Vatican II taught that the church is the “sacrament of Christ in the world,” the unity not only of the human, but of humanity with all creation. In doing so, the council echoed Teilhard de Chardin, who passionately proclaimed: “Even if I were to lose in succession my faith in Christ, my faith in a personal God, and my faith in spirit, I feel that I should continue to believe invincibly in the world.”
Santa Barbara, Calif.
Usually when I find my Commonweal it is under a pile of other magazines and books. And just when I am ready to recycle it before reading it, I scan a few pages—and then I am hooked. You get me every time!
With the January 15 issue you gave us Thomas Lynch’s “Preaching to Bishops” and Jonathan Odell’s “Coming Home: A Gay Christian Speaks to Fundamentalists,” along with other terrific features from impressive writers. These people lift my spirit, challenge my assumptions, and give insightful perspectives. Many thanks.
Thank you for expressing concern over Rome’s poaching a few Episcopalians in a rather abrupt manner (“Business as Usual?” December 18, 2009)—but don’t worry too much. The last priest at my Episcopal church was an ex-Jesuit who served us for twenty years. Four out of ten members in our vestry grew up Catholic, including a lovely woman who was a Maryknoll sister for fourteen years. I’ve met two women who joined our church because their Catholic priest said he would not give them Communion again if they had an abortion, and several couples who left because they were tired of lying about using the pill. My church recently interviewed a woman priest who grew up as a Catholic in Louisiana and left the church when she could no longer ignore her call to the priesthood. It’s nice that some members of the Anglican Communion have found a church whose bishops are all muscular, card-carrying heterosexuals (or at least have the decency to stay in the closet), and a place where women are never seen at the altar. Enjoy!
Might As Well Be You
Fr. Nonomen’s description of selecting parish council members by drawing names from a basket (“Parish Councils,” December 4, 2009) is similar to the method used for many years at St. Joseph’s Parish in Howick, South Africa. In 1985, when South African Redemptorists and IHM Sisters of Monroe, Michigan, began work as a parish team, they discovered that the parish council was entirely white, even though the parish community was multiracial.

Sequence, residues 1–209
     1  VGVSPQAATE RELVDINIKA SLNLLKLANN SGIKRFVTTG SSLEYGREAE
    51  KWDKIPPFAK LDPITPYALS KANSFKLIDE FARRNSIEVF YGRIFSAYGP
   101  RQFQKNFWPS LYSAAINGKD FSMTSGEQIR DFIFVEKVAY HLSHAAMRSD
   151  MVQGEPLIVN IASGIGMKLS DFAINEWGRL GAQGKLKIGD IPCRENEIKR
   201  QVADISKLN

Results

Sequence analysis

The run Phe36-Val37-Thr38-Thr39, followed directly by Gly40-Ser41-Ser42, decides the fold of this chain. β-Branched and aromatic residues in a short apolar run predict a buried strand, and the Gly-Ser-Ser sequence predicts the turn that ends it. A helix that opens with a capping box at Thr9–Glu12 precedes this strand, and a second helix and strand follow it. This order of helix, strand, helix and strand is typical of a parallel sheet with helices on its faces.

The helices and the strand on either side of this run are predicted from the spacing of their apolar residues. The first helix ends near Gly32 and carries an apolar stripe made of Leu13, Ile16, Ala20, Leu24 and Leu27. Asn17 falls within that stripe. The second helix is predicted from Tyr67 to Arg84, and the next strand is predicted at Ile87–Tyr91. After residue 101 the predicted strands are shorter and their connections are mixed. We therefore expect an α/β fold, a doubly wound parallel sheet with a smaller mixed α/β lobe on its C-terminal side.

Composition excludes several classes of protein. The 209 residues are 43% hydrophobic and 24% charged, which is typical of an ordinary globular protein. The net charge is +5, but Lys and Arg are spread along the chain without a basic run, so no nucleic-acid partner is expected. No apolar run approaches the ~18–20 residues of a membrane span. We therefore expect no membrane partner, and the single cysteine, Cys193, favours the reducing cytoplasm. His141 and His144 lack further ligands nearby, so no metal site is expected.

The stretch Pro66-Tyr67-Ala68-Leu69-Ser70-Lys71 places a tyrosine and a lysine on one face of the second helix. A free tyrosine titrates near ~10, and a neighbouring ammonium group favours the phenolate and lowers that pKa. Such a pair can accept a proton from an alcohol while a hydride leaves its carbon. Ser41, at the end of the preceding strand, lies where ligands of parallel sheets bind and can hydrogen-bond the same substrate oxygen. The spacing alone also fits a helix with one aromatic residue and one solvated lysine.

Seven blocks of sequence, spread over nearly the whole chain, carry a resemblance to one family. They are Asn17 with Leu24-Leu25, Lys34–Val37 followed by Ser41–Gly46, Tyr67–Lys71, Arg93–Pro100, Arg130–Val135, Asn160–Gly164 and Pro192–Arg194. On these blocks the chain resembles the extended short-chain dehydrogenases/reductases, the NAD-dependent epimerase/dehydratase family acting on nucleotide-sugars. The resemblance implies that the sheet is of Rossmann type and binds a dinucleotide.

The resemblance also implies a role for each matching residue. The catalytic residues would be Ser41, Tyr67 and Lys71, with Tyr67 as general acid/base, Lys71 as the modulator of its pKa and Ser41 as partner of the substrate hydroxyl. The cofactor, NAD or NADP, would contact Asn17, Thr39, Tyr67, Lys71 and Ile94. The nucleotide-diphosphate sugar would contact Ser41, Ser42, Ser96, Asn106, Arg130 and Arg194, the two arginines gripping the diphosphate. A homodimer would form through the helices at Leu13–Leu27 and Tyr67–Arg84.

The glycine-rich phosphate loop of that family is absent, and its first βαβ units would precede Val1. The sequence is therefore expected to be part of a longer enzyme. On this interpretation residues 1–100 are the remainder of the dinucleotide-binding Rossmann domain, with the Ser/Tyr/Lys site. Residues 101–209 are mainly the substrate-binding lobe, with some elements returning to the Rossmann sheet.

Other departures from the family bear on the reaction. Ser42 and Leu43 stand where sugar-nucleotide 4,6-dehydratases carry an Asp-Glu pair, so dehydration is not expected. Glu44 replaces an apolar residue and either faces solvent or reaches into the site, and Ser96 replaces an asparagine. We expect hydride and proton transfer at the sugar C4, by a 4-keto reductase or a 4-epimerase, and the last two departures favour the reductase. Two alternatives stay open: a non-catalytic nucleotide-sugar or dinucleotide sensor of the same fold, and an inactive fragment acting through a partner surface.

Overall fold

The same people were elected to the council year after year. So the parish instituted a drawing. For several weeks, parishioners were invited to submit nominees. Names were drawn on a Sunday—after prayer.
At the first meeting of the new council, the members looked around and asked, “Who is not here?” If, for example, they were short a young person, or a black woman, or an Indian man, they’d seek one out and invite him or her to join the council. That system worked well for many years, giving the parish multiracial leadership, until a few years ago when a new pastor decided that elections were “needed.” A pity.
Susan Rakoczy, IHM
Hilton, South Africa
Thank you for the moving piece “Misery Will Never End,” by Jean Sulivan (translated by Joseph Cunneen), in the December 18, 2009, issue. Sulivan was a writer of unusual depth and perception. He died in an automobile accident in Paris in 1980.
For readers who are unfamiliar with Sulivan’s work, I recommend his spiritual journal Morning Light, translated by Joseph Cunneen and Patrick Gormally and published by Paulist Press.
William J. Tierney
Isn’t It Ironic?
The juxtaposition of Jack Miles’s “Trading Places” and Jonathan Odell’s “Coming Home” makes an already fine edition (January 15) even better. And it points to a rather sad irony in today’s Catholic Church. Both Miles’s informative, wry, and occasionally hilarious observations on the relationship between the Anglican and the Roman Catholic churches, and Odell’s moving and perfectly written story of a gay man’s struggles with his fundamentalist heritage, bring to life the tensions between large Christian bodies that lay claim to all truth, and the sometimes competing truths of their members.
The irony is that while both writers felt free to identify themselves, recent Catholic authors, dealing with similar themes, have had to use pseudonyms.